Pathogens may jump from commercial colonies to the wild
Commercial bees in stressful, often unhygienic working conditions may spread their pathogens to wild pollinators, a large study suggests.
These are tough times for bees, both in the wild and in colonies that commercial beekeepers and farmers manage. Several small studies have already raised the possibility that the substantial number of viruses and parasites plaguing commercial honeybees and bumblebees are spreading to wild bees that visit the same flowers (SN: 8/16/08, p. 10).
Lab tests plus a bee-disease survey in Great Britain now show that pathogens from honeybees can also trouble bumblebees, says Matthias Fürst of the Institute of Science and Technology Austria in Klosterneuburg. He and his colleagues present their data in the Feb. 20 Nature.
For decades, bee parasite research has focused on honeybees, says Peter Graystock of the University of Sussex in Brighton, England. Studies including the new one show that many pathogens shouldn’t be considered just honeybee diseases, he says.
In lab tests, deformed wing virus, known from honeybees, harmed the bumblebee Bombus terrestris. This bee, which is common as a wild pollinator in Great Britain, died on average six days sooner if infected with the virus. That’s a loss of a quarter to a third of its adult life span.
The widespread honeybee pathogen Nosema ceranae can also jump to B. terrestris, the researchers found. Although another lab had reported that N. ceranae ravages bumblebees, the new work found that bumblebees infected young didn’t die early.
Both of these pathogens showed up in wild bees collected randomly at 26 sites around Great Britain. Deformed wing virus appeared in 36 percent of honeybees and 11 percent of the multiple species of bumblebees tested. The virus samples found in bees at a single site were genetically similar to each other but less like viruses collected at other sites. This pattern suggests local bee-to-bee transmission, the researchers argue.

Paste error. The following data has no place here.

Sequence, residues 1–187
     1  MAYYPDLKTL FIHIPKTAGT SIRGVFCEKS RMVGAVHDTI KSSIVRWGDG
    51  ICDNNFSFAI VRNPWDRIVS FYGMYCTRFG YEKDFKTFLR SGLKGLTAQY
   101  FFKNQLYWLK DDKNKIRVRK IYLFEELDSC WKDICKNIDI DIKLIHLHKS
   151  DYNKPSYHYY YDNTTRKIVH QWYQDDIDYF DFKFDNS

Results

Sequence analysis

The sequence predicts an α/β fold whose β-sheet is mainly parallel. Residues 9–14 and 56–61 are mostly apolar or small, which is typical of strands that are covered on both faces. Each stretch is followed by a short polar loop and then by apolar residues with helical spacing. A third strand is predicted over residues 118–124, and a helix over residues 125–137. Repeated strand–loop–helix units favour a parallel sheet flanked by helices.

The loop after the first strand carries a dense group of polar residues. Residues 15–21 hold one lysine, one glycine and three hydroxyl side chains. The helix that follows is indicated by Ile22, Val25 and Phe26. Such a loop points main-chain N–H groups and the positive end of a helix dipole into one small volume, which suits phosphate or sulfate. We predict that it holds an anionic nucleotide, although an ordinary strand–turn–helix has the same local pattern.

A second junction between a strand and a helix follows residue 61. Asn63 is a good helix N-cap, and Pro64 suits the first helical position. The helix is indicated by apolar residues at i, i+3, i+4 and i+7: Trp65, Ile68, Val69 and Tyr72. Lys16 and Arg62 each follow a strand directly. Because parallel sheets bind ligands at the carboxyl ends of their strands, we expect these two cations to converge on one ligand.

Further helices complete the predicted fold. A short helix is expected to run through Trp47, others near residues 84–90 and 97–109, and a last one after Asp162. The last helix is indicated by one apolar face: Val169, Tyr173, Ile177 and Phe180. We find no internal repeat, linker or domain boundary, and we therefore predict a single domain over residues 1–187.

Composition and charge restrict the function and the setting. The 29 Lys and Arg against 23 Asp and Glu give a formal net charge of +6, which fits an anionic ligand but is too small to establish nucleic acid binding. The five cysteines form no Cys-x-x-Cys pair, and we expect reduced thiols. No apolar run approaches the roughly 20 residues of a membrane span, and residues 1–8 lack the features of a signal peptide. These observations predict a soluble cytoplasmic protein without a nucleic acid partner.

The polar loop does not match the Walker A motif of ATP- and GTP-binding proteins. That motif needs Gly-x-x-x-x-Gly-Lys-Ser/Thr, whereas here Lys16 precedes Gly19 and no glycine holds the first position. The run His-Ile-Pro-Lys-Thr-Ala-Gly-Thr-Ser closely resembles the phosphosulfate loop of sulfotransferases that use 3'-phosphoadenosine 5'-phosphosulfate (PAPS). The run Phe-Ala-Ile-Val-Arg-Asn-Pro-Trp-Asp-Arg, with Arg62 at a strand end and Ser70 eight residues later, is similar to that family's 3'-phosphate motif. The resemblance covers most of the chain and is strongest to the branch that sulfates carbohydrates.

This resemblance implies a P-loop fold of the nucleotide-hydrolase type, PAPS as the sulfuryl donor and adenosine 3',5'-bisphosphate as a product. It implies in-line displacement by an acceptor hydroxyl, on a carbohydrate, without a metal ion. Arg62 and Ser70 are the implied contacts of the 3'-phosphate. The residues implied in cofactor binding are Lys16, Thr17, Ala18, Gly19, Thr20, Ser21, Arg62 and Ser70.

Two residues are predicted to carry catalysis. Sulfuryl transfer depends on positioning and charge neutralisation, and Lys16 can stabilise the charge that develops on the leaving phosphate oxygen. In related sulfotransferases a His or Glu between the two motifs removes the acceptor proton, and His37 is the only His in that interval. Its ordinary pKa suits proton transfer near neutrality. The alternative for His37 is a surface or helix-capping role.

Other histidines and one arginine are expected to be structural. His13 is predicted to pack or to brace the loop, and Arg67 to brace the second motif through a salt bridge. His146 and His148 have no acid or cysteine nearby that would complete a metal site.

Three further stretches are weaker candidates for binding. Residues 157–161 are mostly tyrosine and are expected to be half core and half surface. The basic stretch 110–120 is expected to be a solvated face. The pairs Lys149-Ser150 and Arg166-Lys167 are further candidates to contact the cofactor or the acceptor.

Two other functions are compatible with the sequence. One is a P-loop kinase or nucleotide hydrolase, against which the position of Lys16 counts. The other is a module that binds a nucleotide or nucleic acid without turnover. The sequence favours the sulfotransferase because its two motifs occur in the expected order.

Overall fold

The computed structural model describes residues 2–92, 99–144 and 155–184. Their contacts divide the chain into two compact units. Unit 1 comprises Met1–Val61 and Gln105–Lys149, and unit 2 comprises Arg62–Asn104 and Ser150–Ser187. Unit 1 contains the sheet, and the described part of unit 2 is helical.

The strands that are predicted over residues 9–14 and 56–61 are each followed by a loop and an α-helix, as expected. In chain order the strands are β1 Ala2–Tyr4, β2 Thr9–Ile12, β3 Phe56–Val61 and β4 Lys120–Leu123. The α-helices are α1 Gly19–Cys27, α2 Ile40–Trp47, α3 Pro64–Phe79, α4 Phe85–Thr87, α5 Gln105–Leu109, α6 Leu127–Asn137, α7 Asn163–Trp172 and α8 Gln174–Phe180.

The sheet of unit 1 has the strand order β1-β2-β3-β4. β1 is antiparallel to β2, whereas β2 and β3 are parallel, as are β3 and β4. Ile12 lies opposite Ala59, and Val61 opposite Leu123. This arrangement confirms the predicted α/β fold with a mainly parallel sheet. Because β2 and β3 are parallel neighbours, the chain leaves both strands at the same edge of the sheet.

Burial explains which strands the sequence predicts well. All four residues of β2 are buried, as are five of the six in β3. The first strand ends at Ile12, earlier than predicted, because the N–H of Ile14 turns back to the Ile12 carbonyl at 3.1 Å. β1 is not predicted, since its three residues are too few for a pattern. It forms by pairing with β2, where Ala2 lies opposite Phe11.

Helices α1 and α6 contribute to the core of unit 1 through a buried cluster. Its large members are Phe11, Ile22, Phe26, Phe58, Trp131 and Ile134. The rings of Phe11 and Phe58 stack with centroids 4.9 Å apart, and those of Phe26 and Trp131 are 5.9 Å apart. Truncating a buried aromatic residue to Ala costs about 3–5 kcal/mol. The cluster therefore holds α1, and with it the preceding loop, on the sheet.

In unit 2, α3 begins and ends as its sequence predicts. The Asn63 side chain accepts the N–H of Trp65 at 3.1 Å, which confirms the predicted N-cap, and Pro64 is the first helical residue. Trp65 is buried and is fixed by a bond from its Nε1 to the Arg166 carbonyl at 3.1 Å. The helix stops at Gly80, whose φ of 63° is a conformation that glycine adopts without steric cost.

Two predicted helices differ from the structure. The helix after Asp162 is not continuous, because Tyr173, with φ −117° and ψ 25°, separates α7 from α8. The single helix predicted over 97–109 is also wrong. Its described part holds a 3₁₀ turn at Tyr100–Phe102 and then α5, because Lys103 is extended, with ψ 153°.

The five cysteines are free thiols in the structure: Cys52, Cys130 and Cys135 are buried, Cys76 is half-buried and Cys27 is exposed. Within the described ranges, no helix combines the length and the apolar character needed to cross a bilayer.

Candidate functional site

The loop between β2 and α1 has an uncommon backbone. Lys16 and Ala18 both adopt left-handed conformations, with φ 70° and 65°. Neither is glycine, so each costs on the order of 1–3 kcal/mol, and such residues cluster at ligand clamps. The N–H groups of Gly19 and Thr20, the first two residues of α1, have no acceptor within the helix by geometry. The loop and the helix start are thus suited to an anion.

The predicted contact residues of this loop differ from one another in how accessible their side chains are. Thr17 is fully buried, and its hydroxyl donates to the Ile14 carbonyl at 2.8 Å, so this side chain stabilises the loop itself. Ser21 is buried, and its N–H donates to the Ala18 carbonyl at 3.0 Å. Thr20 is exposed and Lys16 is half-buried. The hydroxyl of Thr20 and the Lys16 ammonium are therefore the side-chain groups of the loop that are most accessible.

This study clarifies some questions left hanging by earlier work, Fürst says. He and his colleagues documented in lab tests that the bumblebees are actually catching infections instead of possibly just carrying traces of something they brushed against.
Even though the study looked at wild bees in Great Britain, the same transmission dynamics could easily show up in North America, says coauthor Mark J.F. Brown of Royal Holloway, University of London. He cautions, however, against extrapolating to the still-mysterious honeybee deaths attributed to colony collapse disorder in North America.
Bees face other threats such as exposure to pesticides as well as disease, says Sydney Cameron of the University of Illinois at Urbana-Champaign. She and her colleagues have documented deep losses in North American native bumblebee species, and she’s now studying whether pathogens spilling over from commercial bees are playing a role. But, she says, “I can’t rank disease relative to other ‘miseries’ of bees.”
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